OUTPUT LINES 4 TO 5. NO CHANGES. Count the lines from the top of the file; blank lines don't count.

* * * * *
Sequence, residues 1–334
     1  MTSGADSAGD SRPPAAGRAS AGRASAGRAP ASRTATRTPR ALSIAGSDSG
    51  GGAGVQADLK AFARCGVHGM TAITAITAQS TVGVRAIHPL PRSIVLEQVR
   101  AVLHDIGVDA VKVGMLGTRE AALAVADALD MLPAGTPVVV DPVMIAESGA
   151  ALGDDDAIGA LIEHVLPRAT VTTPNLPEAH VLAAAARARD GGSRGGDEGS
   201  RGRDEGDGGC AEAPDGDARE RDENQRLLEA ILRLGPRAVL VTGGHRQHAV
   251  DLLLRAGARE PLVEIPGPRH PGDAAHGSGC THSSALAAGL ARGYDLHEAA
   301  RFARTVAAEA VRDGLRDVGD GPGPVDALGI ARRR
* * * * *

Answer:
   101  AVLHDIGVDA VKVGMLGTRE AALAVADALD MLPAGTPVVV DPVMIAESGA
   151  ALGDDDAIGA LIEHVLPRAT VTTPNLPEAH VLAAAARARD GGSRGGDEGS